Nitazoxanide, paromomycin, and azithromycin have activity against Cryptosporidium.[1]  A 3-day course of nitazoxanide oral suspension has been approved by the FDA for the treatment of cryptosporidiosis-related diarrhea in adults and in children older than 12 months who do not have HIV infection. In patients with AIDS, antiretroviral treatment has been associated with improvement, possibly because of general improvement of immune function.[61]  Paromomycin alone or with azithromycin is minimally effective (although paromomycin has been found to improve symptoms but rarely eradicates parasites) but may facilitate improvement in response to antiretroviral therapy. In solid organ transplant recipients, studies have shown that the heterogeneity of its prevalence varies by type of immunosuppression. In renal transplant recipients, for example, cyclosporine-based regimens were associated with a lower incidence of Cryptosporidium infections than tacrolimus-based regimens.[63]  Treatment may require prolonged courses of nitazoxanide or combination therapy plus reduction of immunosuppression.[43]  Mofetil mycophenolate may affect Cryptosporidium by inhibiting folate metabolism, although this theory has not been confirmed.

Several novel compounds are being developed with efficacy in animal models.[59]  However, none have documented efficacy in clinical trials.



Class Summary

Nitazoxanide is the only FDA-approved treatment for cryptosporidiosis in HIV-negative children and adults. Antiparasitic drugs may be used as an adjunct to therapy in patients with AIDS or organ transplant recipients undergoing immunosuppression. However, the mainstay of therapy is reversal of immunosuppression by antiretroviral drugs in AIDS or reduction of immunosuppressants in transplant recipients.

Nitazoxanide (Alinia)

Nitazoxanide inhibits the growth of Cryptosporidium parvum and Giardia lamblia trophozoites. It elicits antiprotozoal activity by interfering with pyruvate-ferredoxin oxidoreductase (PFOR) enzyme–dependent electron transfer reaction, which is essential to anaerobic energy metabolism. Nitazoxanide is the only medication approved by the FDA for the treatment for cryptosporidiosis in adults and children older than 12 months. It is administered in a 3-day, twice-daily course of tablets or oral suspension.


Paromomycin is an oral, nonabsorbed aminoglycoside that is partially active in cryptosporidiosis. An amebicidal and antibacterial agent, it is obtained from a strain of Streptomyces rimosus that is active in intestinal amebiasis.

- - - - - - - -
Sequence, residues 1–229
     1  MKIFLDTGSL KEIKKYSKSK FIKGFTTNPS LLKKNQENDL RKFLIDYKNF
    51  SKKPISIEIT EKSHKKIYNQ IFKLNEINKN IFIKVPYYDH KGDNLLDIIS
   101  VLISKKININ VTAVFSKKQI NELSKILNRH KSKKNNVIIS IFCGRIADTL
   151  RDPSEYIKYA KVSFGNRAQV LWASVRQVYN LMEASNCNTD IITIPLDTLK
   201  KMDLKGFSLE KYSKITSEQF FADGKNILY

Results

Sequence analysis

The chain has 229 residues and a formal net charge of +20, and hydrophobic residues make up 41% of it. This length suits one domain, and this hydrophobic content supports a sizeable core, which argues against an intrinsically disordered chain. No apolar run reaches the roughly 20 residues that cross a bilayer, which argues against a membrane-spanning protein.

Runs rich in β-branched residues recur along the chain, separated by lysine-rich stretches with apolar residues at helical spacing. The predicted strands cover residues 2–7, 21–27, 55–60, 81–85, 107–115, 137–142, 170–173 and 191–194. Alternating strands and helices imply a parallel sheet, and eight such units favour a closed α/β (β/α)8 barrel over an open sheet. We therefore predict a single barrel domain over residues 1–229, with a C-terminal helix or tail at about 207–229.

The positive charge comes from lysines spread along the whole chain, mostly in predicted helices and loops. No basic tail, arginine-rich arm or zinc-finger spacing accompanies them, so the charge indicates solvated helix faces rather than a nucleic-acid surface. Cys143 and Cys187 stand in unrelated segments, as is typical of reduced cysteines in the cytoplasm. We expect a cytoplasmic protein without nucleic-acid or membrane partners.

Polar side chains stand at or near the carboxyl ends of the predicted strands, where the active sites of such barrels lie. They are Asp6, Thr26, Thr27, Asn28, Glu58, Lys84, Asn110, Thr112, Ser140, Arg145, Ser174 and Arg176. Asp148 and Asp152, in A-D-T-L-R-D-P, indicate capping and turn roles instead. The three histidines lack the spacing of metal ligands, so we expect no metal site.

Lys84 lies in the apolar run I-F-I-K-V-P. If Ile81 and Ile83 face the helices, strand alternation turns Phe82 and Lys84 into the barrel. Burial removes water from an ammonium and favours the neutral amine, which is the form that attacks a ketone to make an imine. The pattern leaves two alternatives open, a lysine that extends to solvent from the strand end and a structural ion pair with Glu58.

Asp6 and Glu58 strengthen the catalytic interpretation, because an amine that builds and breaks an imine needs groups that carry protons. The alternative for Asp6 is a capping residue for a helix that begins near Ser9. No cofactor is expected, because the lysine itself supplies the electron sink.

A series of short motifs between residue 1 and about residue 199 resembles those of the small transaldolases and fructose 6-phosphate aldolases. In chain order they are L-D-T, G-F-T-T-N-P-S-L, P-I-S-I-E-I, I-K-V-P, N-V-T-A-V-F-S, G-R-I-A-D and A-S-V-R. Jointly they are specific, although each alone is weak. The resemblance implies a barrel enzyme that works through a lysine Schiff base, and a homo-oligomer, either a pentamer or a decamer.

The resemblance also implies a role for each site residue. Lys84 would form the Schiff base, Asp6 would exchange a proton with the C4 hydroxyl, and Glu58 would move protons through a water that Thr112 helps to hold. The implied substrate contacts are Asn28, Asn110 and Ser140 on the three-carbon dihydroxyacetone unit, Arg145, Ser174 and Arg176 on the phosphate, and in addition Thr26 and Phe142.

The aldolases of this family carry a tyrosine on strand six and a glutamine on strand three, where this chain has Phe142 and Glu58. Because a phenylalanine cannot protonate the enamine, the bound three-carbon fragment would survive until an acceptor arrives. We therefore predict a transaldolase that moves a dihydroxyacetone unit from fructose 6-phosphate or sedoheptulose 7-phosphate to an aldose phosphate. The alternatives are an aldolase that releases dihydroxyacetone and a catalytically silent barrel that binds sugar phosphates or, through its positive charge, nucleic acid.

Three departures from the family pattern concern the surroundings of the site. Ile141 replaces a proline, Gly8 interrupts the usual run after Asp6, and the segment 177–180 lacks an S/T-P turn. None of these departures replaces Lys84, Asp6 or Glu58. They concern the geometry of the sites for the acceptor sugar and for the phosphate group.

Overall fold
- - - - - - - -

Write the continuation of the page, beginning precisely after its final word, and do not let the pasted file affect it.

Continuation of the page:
Paromomycin has been used in patients who have AIDS and cryptosporidiosis; it was reported to cause symptomatic improvement but rarely parasite eradication. It has also been used for intestinal tapeworms.

Azithromycin (Zithromax, Zmax)

Azithromycin is a macrolide antibiotic. In a clinical study, it provided good symptom control in combination with paromomycin.

Antidiarrheal Agents

Class Summary

These agents are used to decrease the frequency of diarrheal stools and possibly the duration of episodes.

Loperamide hydrochloride (Imodium, Diamode)

This agent has an antimotility effect on the GI tract via cholinergic and opiate receptors. It is the first choice as an antidiarrheal agent. Loperamide hydrochloride has a more potent effect than diphenoxylate hydrochloride or codeine. It acts on intestinal muscles to inhibit peristalsis and slow intestinal motility. The drug prolongs the movement of electrolytes and fluid through bowel, increases viscosity, and decreases the loss of fluids and electrolytes.

Diphenoxylate and atropine (Lomotil)

The drug combination consists of diphenoxylate, which is an opiate constipating meperidine congener, and atropine, which an anticholinergic drug that inhibits excessive GI propulsion and motility.


The opiate anhydrous morphine, which is contained in paregoric, can decrease motility more than loperamide or the combination of diphenoxylate and atropine can.

Bismuth subsalicylate (Pepto-Bismol, Bismatrol, Kaopectate)

This agent exerts antisecretory and antibacterial effects to control diarrhea.


Attapulgite is an adsorbent and protectant that controls diarrhea.

Somatostatin Analogues

Class Summary

These agents inhibit the secretion of hormones involved in vasodilation. Octreotide (Sandostatin) may help, but no solid data show superiority over other antimotility agents. Cost and need for intravenous administration are the main factors that limit its use to only severe diarrheal cases.

Octreotide (Sandostatin)

Octreotide primarily acts on somatostatin receptor subtypes II and V. It inhibits growth hormone secretion and has a multitude of other endocrine and nonendocrine effects, including inhibition of glucagon, vasoactive intestinal peptide (VIP), and GI peptides.


Questions & Answers


What is cryptosporidiosis?

How is cryptosporidiosis transmitted?

What is the life cycle of cryptosporidium that cause cryptosporidiosis?

What is the pathophysiology of cryptosporidiosis?

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Which clinical history findings are characteristic of cryptosporidiosis?

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Which other infections should be considered in the differential diagnoses of cryptosporidiosis?

What are the differential diagnoses for Cryptosporidiosis?


What is the role of cryptosporidium tests in the workup of cryptosporidiosis?

What is the role of lab tests in the workup of cryptosporidiosis?

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Which dietary modifications are used in the treatment of cryptosporidiosis?

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How is biliary involvement treated in patients with cryptosporidiosis?

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What are the key component in the treatment of cryptosporidiosis?

Which medications in the drug class Somatostatin Analogues are used in the treatment of Cryptosporidiosis?

Which medications in the drug class Antidiarrheal Agents are used in the treatment of Cryptosporidiosis?

Which medications in the drug class Antiparasitics are used in the treatment of Cryptosporidiosis?